The ethmoid sinuses are the key to nasal health. Just as all roads lead to Rome, mucus produced in any of the sinuses is eventually drained through or by the ethmoid sinuses. For example, the mucus produced in
the frontal sinuses drains through the ethmoid sinus by a connection called the frontal duct or frontal recess. The maxillary sinuses drain through an opening called the maxillary ostium. This drains into a funnel-like area called the infundibulum, which is also connected to the ethmoid sinus. From any source, the mucus then passes through the ethmoid sinuses and into the back of the nose.
The front of the ethmoid sinuses sits below the middle turbinate in the middle meatus. The back of the ethmoids sit below the superior turbinate in the superior meatus. The middle turbinate attaches to the outside wall of the sinus, which also serves as the inside wall of the eye. The wall that is created by this attachment is called the ground lamella and separates the anterior and the posterior ethmoid sinus cells.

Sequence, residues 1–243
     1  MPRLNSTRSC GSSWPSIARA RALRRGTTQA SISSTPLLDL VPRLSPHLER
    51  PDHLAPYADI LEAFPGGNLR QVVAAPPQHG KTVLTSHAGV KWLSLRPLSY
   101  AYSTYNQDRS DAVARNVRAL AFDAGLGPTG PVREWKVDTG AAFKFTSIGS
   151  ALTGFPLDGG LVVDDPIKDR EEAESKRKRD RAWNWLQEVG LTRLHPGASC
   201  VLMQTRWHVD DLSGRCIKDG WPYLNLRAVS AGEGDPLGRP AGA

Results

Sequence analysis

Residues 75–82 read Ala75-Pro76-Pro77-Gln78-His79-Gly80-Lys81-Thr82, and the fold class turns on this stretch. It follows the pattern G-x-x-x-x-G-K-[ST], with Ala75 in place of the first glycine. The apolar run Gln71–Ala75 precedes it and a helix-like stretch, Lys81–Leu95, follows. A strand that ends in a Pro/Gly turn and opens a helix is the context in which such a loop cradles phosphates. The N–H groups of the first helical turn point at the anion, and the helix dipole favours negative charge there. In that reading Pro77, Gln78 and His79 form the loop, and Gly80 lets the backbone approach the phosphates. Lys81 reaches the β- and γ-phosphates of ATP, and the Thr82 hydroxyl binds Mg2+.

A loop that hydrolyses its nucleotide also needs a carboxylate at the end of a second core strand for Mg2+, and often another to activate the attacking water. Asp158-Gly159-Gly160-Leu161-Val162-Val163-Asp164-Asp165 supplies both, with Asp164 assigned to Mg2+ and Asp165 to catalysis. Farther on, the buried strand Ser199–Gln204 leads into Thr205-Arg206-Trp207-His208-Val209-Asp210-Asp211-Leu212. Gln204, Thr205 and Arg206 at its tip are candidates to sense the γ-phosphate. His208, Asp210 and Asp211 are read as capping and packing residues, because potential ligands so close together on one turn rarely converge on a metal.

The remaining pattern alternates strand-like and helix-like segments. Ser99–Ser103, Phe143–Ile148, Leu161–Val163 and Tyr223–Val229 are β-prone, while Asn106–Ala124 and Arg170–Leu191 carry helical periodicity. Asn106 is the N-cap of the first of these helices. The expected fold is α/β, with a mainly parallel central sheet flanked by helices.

The ethmoid sinuses are shaped like a beehive and are composed of approximately 22 smaller cavities or cells. Each cavity increases the surface area so that the air can be quickly heated, vaporized, humidified, and filtered as it passes over the mucous blanket that coats the ethmoid sinuses.